Northwest Europe assesses feasibility of hydrogen marketplace

Feb. 1, 2022
Each country must identify possible synergies, collaboration opportunities.

Hydrogen has both enormous potential but also an uncertain future. Even though the sector is in its infancy, the global pipeline of more than 200 large-scale hydrogen projects is worth more than $300 billion – equivalent to three-fifths of 2019 upstream spending. However, the debate on hydrogen’s potential differs in each region of the world – reflecting the different decarbonization challenges and economic development opportunities they face.

The goal here is to review the status of the hydrogen market in Northwest European countries; unpack the barriers to the growth of the industry; and discuss the factors that will influence the future role or ‘business case’ for hydrogen in Denmark, Germany, the Netherlands, Norway and the UK.    

Northwest European context

The Northwest region is leading the deployment of hydrogen (and associated CCUS) projects in Europe. The current pipeline of projects around the North Sea reflects the will of governments and existing energy market leaders to protect relevant value chains, such as that of natural gas, while exploring the opportunities of renewable power beyond electrification.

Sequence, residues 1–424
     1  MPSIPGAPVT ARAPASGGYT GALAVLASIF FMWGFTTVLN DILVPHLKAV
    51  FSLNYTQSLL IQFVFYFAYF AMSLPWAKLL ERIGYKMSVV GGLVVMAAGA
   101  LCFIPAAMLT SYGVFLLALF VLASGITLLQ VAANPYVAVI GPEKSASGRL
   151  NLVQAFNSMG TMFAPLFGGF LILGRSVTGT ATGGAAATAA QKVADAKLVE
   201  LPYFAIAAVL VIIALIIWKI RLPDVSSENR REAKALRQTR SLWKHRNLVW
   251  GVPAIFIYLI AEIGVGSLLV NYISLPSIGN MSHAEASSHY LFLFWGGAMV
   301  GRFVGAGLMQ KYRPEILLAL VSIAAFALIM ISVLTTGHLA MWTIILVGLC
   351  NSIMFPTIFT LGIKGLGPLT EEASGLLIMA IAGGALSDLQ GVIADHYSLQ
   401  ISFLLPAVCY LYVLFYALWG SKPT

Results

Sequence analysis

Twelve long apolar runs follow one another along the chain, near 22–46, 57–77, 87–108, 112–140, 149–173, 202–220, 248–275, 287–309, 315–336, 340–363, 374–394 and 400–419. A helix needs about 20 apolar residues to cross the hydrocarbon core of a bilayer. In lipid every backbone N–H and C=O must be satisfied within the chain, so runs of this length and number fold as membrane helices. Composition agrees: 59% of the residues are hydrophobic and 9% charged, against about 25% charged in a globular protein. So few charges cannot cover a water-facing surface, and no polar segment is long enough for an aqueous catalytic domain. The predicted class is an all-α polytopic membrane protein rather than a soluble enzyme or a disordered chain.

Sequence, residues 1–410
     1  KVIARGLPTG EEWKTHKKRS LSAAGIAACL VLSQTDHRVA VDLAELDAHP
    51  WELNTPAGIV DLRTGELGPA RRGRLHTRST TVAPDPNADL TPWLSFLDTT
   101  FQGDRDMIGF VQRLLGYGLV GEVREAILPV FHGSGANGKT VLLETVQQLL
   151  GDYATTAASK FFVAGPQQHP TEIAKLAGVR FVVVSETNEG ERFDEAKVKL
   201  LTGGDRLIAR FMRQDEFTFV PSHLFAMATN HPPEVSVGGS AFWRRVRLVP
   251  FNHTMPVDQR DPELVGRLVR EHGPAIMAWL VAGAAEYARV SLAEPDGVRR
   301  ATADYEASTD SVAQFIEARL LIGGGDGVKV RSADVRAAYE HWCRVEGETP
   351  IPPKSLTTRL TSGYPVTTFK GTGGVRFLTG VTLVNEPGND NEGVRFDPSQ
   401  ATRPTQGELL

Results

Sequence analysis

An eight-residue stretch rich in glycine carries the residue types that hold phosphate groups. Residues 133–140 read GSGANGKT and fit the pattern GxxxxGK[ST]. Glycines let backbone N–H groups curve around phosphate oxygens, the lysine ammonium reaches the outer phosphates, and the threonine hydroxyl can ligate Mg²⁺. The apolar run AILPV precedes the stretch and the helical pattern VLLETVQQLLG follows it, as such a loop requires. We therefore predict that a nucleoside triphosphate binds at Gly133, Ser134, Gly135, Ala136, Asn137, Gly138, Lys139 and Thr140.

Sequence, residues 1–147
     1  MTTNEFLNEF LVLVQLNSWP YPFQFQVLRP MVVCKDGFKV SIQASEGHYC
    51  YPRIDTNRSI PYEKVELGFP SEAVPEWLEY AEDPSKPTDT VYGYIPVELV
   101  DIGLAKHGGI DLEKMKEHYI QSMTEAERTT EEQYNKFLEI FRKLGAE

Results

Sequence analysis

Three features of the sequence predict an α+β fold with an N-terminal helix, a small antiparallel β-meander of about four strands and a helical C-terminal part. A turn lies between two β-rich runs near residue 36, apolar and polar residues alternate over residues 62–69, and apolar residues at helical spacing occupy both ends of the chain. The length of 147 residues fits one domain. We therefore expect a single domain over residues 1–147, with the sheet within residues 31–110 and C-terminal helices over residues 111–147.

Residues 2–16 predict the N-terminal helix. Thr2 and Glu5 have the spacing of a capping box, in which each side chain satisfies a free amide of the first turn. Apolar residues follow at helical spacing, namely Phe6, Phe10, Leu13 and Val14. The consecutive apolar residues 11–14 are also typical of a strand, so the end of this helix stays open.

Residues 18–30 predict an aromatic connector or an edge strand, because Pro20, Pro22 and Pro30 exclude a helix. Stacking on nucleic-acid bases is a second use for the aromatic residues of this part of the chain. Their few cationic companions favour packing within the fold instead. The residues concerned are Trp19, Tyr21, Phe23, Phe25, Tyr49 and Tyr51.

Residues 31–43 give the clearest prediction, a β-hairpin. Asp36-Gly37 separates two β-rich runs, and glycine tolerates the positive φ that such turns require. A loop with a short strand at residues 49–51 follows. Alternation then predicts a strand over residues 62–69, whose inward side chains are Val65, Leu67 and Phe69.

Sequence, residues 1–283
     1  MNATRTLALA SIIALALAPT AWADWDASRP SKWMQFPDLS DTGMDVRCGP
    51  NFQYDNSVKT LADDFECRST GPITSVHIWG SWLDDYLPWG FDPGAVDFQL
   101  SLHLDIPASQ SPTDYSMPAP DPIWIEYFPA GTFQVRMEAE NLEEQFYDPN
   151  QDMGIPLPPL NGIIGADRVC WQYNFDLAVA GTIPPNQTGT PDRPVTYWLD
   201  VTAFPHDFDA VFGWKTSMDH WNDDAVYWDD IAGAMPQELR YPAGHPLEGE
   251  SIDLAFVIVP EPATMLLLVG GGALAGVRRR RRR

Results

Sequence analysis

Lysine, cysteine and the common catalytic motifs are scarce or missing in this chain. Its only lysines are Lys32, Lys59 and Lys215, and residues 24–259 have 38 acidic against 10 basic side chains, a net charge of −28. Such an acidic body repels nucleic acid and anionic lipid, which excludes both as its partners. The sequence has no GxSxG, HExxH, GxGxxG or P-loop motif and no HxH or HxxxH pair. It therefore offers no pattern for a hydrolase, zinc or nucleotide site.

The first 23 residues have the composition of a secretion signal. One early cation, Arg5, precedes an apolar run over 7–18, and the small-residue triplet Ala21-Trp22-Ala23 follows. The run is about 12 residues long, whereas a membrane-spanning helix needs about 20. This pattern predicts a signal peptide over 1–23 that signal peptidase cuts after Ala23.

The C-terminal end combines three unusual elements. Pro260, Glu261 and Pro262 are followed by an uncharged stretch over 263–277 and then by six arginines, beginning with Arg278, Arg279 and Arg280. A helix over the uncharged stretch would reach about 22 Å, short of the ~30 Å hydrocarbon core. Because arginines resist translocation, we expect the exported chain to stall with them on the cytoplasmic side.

While this has resulted in an increasing support for the upstream (producing) side of the value chain, when it comes to hydrogen, downstream sectors play an equally important if not more significant role in the overall business case.

Renewable energy producers and oil and gas companies are among the key stakeholders in taking the leadership to integrate stakeholders across the value chain. However, while these synergies and collaborations have resulted in an initial pipeline of conceptual projects, only those with a strong facilitator have managed to move the most ambitious projects from concept to FID.

 Hydrogen strategies and targets

Broad support for the hydrogen economy in Northwest Europe is reflected in the EU and UK hydrogen strategies that primarily focus on the supply side of this emerging market. The EU’s preference is in electrolysis-based technologies (green hydrogen), while the UK strategy (initially) favors the production of blue hydrogen derived from natural gas with carbon capture technology.